A debt consolidation loan is a loan that takes many individual debts and combines them into one. Basically the consolidation loan amount is based upon the amount of debt you have. For example, if you have five credit cards with a total debt balance of $15,000.00, your consolidation loan (excluding fees, which will be discussed below) would be $15,000.00.
You may be wondering why one loan for $15,000.00 would be more beneficial than five loans totaling $15,000.00. The answer is, a consolidation loan should provide a lower interest rate and will bring consistency, predictability, and organization to your debt situation. For example, if you have five credit cards and each had a different interest rate, you may pay more in interest by keeping the debt separate. If your five credit cards have interest rates of 10%, 15%, 18%, 20%, and 25%, for example, your average interest rate would be 17.6%. A consolidation loan may give you an interest rate of 12%. Therefore, your interest rate would be 5.6% lower than the average of your five credit cards.
It is important to note that the balance on each credit card matters. For example, if you owe $14,996.00 on the 10% interest rate credit card and $1 each on the 15%, 18%, 20%, and 25% interest rate credit cards, consolidating at 12% would not make financial sense as the vast bulk of your debt has only a 10% interest rate. If however, like most people, you have about the same balance on every credit card, a consolidation loan may help save you money on interest.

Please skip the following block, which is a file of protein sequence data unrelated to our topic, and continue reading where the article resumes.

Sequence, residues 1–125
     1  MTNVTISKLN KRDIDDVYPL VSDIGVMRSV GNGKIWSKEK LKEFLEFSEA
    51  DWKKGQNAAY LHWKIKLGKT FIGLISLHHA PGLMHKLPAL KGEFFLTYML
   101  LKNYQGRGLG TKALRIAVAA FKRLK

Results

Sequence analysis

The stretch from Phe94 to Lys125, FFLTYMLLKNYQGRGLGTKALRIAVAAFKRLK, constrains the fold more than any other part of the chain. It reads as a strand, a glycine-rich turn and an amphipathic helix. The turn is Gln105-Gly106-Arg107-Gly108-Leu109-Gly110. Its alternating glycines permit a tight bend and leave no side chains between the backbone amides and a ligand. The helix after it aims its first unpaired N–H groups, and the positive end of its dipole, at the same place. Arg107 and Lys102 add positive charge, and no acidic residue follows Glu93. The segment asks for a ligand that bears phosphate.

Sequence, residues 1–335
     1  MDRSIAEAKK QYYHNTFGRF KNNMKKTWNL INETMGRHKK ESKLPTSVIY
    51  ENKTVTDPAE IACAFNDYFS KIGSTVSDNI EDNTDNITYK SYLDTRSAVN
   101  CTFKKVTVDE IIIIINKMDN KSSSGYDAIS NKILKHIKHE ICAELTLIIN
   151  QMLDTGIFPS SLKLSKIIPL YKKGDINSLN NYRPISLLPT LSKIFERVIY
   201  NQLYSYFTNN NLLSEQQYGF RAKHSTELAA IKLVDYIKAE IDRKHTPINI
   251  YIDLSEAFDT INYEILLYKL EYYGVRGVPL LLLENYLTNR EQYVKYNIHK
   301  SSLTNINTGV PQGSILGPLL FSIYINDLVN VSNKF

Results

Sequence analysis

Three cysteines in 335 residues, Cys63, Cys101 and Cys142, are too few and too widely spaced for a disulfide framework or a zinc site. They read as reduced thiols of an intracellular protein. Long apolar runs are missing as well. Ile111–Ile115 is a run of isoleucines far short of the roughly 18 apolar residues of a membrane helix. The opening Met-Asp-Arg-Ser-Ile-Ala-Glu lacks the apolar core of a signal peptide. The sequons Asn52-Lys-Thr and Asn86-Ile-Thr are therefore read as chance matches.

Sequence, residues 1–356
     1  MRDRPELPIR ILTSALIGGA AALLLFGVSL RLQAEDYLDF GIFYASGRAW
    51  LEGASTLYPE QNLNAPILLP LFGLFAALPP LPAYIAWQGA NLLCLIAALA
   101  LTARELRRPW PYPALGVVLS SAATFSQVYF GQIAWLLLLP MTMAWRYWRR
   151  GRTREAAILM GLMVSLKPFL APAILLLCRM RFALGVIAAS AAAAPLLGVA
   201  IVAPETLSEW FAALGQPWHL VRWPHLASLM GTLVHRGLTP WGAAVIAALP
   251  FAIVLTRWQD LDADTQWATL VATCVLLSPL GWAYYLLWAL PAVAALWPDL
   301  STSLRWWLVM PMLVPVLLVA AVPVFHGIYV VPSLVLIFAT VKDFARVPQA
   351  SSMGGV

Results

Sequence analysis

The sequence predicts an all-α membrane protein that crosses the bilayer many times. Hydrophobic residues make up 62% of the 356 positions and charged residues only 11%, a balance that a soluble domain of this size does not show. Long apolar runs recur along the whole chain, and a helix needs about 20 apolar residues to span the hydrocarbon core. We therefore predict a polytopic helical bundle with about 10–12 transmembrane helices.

Watch Out For Fees:
Many consolidation loans have fees attached. For example, the lending institution may charge you a $1,000.00 fee for consolidating your $15,000.00 in debt. At this point, you need to do some math. In our example, you need to calculate whether you would save more than $1,000.00 in interest payments over the course of the consolidation loan. This is essential because the fee charged for the consolidation must be less than the interest saved. If the fee is more than the savings you will receive, it does not make sense to take the consolidation loan.
Make Sure You Know All of the Terms:
Make sure that you know the plan for repaying the consolidation loan. Your one monthly payment on the consolidation will most likely be less than the total amount of the payments on your five credit cards. However, make sure this difference is not due a specialized repayment schedule. For example, the consolidation loan company may show you that your monthly payments will be lower than the total of your combined payments, but only if you make “interest-only” payments. The bottom line is, if the principal and interest payments on the consolidation loan are not lower than the principal and interest payments on the five credit cards, do not take the consolidation loan.
Consistency, Predictability, and Organization:
The greatest advantage of a consolidation loan is that you have to make only one payment each month, and you will know exactly how much you have to pay. Unlike credit cards, a consolidation loan is generally an installment loan. This means that you cannot increase the amount of the loan. Common examples of installment loans are car loans, student loans, and home mortgage loans. Credit cards are revolving loans and thus, you can use the credit line to purchase goods and services. Such is not the case with installment loans.
Because of this fact, you will have consistency and predictability in your loan obligations. Additionally, you will be able to better organize your finances.
Consolidation loans can lower the interest rates on your outstanding debt. Make sure the consolidation loan interest rate is less than the averaged interest rate of all of the debt you seek to consolidate. Watch out for fees and make sure that the money saved on interest payments is greater than any fee the consolidation loan company charges. Make sure you know all of the terms of your consolidation loan. Should you decide to obtain a consolidation loan, look forward to the consistency and predictability.